Spring training is in full bloom — and not just for the sport often associated with it.
While major league baseball players assemble in the warm climes of Arizona and Florida to whip their arms and bats into shape for the rigors of a 162-game season, a gaggle of engineers, mechanics and three-time Formula One world champion Lewis Hamilton are putting his Mercedes-AMG Petronas Motorsport race car through the paces, and laps, at Circuit de Barcelona track.
It's winter test season before the 20-race F1 campaign that starts March 26 in Melbourne. Dramatic rule changes to boost speeds for the first time in more than 50 years have revolutionized design of the cars, their internal technology and the strategy of the drivers behind their computerized steering wheels. Formula One officials opted for more speed after years of regulations to enhance safety.
"We're very happy with the car at the moment," Geoff Willis, technology director for Mercedes, says of new regulations that allow for bigger, wider rear tires that have reduced lap times by 2 to 3 seconds.
The radical rule changes have prompted the 10 competing teams — Mercedes' chief rivals are Scuderia Ferrari and Red Bull Racing — to redesign, engineer and manufacture various car parts. Even the steering wheel, which costs up to $35,000 on an F1 car, has evolved for the everyday commuter, with a series of buttons for changing radio stations, monitoring fuel efficiency and navigating streets.
For the first time in decades, regulations have been changed to increase speed, prompting the competing teams (each has two cars) to pour millions of dollars into the redesign, engineering and manufacturing of their sleek racing machines.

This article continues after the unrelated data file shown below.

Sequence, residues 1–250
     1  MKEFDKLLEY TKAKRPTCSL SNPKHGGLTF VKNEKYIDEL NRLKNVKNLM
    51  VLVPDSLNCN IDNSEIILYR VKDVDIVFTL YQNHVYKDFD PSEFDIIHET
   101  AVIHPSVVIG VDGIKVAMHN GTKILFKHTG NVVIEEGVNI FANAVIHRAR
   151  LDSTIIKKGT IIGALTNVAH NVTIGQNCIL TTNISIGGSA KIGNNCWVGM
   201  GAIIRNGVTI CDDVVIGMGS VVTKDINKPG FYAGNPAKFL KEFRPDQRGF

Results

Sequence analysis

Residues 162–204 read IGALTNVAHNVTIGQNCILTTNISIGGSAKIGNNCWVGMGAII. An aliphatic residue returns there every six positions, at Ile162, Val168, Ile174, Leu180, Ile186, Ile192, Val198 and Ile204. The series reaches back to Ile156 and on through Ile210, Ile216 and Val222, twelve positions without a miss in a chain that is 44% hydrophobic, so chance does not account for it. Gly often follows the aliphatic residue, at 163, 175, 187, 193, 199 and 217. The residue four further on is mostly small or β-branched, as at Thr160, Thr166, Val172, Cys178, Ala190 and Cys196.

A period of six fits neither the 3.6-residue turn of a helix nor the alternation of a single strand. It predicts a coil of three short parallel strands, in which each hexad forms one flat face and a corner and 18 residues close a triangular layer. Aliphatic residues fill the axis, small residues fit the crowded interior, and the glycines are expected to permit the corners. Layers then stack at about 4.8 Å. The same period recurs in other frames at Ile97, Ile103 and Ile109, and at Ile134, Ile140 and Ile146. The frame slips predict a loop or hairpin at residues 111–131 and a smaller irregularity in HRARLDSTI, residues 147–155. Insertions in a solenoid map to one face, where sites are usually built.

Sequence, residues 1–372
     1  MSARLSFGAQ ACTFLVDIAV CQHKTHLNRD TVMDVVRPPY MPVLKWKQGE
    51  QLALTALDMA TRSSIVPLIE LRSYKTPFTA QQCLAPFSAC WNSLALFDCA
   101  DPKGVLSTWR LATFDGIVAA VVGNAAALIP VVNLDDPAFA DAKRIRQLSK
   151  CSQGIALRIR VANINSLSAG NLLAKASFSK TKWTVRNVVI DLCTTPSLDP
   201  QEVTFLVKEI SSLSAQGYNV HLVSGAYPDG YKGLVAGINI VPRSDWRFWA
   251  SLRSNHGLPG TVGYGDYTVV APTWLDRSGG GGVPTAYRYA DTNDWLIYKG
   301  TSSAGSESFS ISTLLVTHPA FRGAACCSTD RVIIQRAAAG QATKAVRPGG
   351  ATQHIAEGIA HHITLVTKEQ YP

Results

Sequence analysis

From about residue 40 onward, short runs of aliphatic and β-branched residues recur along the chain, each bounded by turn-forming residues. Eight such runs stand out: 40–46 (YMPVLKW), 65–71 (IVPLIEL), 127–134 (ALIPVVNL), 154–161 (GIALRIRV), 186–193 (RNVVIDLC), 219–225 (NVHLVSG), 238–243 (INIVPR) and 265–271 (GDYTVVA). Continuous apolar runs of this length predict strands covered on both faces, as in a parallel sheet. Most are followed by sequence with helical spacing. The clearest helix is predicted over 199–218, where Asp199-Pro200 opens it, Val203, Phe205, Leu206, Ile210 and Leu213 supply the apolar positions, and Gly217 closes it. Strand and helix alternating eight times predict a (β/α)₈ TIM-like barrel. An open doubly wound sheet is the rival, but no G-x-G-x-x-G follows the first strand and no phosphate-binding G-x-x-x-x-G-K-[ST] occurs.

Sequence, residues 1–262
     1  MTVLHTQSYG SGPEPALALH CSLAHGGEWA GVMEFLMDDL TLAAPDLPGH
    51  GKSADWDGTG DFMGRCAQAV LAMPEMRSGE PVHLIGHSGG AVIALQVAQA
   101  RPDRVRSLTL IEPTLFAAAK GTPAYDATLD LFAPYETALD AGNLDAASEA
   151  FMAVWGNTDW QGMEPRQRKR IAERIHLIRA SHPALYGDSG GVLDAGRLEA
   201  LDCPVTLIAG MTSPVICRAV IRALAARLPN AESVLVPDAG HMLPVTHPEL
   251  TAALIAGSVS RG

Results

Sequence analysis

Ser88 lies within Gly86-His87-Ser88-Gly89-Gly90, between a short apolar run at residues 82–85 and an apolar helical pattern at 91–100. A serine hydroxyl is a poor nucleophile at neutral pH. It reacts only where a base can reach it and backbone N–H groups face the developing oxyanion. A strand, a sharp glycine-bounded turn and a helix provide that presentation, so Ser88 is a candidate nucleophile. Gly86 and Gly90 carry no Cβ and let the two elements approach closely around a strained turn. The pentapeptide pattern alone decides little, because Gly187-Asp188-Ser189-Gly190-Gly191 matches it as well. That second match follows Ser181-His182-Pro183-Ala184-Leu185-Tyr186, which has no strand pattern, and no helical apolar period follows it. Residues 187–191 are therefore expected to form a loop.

"It has put even more of an emphasis on one's technology portfolio," says Willis. "You look at every bit you can do, and improve them all."
As the defending world championship team, Mercedes-AMG Petronas boasts Hamilton, considered the best driver in the world; the biggest budget in the sport; a team of technicians with backgrounds in NASA and the military; and, arguably, the best cars.
The foundation of its recent success, in large part, is underpinned by technology. Pure Storage and Qualcomm are among Mercedes' partners in what has increasingly become a tech arms race. Advances in car technology mirror what's happening in Silicon Valley, where Tesla Motors and Google are developing self-driving cars with sophisticated braking systems, and among the major automakers, who are rapidly transforming their machines into over-sized computing devices.
During a typical race, dozens of people from each of the F1 circuit's teams monitor car performance while navigating a phalanx of cables, super-charged PCs and thousands of car parts within a confined space.
Within the bowels of a team's garage — adjacent to its pit stop — a team of engineers, illuminated by the blue glow of their laptops, electronically monitor a "continual loop" of information. That's everything from a car's barometric pressure and computerized steering wheel to aerodynamics and mechanical balance. In all, there are 35,000 channels of data that is sliced, diced and analyzed.
By the time the season rolls on to Barcelona for its fifth race on May 14, expect plenty of upgrades and adjustments to each of the 20 cars. "It's a great new challenge from an engineering perspective," Willis says.
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